Ah, my pressure cooker.  You can tell that it’s starting to loose it’s polish because I’ve used it so much.  But what’s great about the Lagostina version of the pressure cooker is the lid.  What I love about this lid is that (in my opinion) that it’s a  secure lid.  There are other pressure cookers where the top lid twists on and locks in at the handles.  They have ridges like teeth on the rim of the lid and a black top where the steam is released-  those ones scare the shit out of me.  I had one of those when I was in university and I didn’t go near it.  It looked like it was going to explode.  Now I’m not saying that they do and I’ve never seen one of those pressure cookers with the lid blown off, but to me they just look scary.  Now the one I have, if you look at the lid-  it’s actually a lid that seals from the inside of the pot, so really it’s harder for the lid to pop off and it has a safety feature where there is a red tab that lifts up when there’s pressure and actually prevents the handle on the lid from falling down and unsealing itself.  The red tab is also a good indicator of when you can uncover your pot-  when it goes down it means the majority of the pressure inside the pot is gone and you can safely open it.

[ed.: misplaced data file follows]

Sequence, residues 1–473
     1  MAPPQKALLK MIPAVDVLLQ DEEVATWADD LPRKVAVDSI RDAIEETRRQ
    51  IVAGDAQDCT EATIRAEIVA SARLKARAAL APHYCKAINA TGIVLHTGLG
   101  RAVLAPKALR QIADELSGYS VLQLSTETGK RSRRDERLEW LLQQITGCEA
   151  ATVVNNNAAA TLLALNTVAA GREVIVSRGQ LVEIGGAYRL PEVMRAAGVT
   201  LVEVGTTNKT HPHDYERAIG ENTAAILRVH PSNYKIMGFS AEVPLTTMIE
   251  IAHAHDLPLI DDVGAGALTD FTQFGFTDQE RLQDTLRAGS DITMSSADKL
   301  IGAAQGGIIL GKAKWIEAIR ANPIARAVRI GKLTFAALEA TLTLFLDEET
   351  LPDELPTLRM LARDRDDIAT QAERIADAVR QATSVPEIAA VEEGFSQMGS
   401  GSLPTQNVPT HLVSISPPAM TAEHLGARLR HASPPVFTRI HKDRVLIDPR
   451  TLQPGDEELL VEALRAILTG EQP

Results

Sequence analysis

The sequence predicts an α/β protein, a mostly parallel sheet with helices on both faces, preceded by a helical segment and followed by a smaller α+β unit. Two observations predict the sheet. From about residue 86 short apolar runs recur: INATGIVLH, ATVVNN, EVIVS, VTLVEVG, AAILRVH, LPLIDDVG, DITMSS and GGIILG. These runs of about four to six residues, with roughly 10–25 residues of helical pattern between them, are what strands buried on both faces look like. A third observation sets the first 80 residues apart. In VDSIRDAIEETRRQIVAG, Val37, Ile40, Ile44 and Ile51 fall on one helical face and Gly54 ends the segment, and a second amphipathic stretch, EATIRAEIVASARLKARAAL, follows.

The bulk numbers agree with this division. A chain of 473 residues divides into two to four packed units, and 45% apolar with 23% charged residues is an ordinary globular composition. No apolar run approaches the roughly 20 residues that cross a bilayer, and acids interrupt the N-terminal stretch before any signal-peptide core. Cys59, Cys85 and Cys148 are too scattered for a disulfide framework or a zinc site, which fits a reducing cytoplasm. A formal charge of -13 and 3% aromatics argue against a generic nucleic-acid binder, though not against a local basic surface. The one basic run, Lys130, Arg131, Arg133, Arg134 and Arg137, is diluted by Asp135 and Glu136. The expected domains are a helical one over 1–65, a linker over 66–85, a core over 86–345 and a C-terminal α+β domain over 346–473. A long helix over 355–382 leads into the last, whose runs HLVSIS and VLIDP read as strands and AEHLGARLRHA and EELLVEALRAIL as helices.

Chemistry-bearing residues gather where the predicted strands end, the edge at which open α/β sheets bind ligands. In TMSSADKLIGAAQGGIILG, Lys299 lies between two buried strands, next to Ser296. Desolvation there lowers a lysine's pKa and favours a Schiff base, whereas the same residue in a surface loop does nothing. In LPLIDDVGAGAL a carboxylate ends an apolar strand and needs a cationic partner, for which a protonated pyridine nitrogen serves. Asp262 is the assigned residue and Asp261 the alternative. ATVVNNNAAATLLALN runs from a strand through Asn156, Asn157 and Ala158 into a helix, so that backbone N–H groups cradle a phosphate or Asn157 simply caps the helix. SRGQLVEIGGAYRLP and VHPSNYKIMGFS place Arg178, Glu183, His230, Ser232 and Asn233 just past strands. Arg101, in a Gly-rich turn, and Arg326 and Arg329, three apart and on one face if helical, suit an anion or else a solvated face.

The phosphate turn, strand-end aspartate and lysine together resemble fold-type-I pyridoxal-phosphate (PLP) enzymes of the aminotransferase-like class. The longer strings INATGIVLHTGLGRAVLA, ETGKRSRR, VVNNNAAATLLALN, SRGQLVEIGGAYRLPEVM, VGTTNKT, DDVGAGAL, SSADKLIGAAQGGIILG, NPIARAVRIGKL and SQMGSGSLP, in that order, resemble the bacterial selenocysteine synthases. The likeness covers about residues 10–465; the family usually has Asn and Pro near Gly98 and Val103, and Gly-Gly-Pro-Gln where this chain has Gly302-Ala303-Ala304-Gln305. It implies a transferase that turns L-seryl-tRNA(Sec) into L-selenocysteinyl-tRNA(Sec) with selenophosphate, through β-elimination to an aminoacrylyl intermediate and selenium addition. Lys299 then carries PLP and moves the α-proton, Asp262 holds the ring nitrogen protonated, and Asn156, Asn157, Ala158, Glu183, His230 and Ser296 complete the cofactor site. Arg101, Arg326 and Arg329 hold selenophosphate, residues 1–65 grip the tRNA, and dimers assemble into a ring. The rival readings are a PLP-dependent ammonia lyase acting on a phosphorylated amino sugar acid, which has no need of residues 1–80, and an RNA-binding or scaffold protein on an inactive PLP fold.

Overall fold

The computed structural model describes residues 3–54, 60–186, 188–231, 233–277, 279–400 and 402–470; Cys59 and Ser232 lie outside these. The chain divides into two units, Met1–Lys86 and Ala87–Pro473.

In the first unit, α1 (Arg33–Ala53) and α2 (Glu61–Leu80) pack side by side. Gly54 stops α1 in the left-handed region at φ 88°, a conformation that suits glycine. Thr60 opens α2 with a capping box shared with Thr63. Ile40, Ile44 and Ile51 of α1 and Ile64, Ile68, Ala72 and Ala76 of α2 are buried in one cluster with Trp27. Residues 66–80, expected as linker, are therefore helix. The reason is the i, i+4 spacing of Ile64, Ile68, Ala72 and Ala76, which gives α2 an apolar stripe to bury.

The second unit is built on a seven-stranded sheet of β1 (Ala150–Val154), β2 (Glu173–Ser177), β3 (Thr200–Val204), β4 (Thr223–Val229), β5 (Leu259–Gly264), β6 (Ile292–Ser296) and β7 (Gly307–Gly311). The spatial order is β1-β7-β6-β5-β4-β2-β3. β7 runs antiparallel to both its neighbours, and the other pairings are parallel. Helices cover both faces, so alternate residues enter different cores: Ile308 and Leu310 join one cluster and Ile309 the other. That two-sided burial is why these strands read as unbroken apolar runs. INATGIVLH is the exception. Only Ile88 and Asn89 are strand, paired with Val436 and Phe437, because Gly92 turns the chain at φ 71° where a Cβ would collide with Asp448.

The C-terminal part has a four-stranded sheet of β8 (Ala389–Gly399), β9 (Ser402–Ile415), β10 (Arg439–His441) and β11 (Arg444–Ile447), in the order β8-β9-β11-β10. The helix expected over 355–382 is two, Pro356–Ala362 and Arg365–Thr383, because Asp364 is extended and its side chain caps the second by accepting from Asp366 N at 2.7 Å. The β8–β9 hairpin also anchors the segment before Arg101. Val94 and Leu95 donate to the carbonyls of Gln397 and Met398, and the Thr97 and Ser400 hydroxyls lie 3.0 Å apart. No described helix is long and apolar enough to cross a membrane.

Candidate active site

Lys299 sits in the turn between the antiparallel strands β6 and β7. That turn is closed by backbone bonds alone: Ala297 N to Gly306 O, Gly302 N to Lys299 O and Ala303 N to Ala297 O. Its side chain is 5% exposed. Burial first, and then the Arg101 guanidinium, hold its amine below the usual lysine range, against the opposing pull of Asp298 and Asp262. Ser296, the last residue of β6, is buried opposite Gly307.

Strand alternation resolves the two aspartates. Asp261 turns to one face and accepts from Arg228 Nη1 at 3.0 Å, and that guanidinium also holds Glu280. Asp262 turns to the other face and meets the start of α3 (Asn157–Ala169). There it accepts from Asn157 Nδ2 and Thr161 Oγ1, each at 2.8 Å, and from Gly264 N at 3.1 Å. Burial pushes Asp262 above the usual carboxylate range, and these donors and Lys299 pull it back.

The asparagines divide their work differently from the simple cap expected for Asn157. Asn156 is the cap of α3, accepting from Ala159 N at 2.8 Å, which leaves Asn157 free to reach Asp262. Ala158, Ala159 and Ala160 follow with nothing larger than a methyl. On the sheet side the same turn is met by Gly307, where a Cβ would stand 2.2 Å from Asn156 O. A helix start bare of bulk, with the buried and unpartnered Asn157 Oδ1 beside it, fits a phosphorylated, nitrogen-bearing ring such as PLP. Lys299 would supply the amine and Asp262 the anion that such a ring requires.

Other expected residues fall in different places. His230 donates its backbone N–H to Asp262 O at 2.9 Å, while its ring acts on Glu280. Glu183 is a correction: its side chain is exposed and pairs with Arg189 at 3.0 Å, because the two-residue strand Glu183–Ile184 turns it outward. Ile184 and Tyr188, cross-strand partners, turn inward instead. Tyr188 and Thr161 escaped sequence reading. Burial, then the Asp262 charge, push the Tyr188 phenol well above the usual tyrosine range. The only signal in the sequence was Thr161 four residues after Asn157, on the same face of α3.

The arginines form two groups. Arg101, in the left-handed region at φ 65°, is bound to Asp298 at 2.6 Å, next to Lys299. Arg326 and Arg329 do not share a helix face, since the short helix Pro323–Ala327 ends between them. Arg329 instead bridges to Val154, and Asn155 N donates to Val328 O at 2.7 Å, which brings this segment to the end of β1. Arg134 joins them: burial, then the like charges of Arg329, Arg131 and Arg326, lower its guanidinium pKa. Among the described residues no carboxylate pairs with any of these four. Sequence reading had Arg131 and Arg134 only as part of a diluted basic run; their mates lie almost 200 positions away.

Now the key to using this pot is that you can’t fill it with water all the way to the top, there’s actually an indicator in them to let you know how much water you can have in it.  Now, if you ever come across one that doesn’t have an indicator on it-  I generally would suggest to make sure that water must reach a height that is less than 3 inches below the rim of the pot unless otherwise indicated on the instructions manual.  There’s also electronic ones that you can get at William-Sonoma which I think might be better for those who aren’t familiar with the standard type of pressure cooker.  Those are the ones that will automatically shut off once it reaches a certain pressure and cooking time.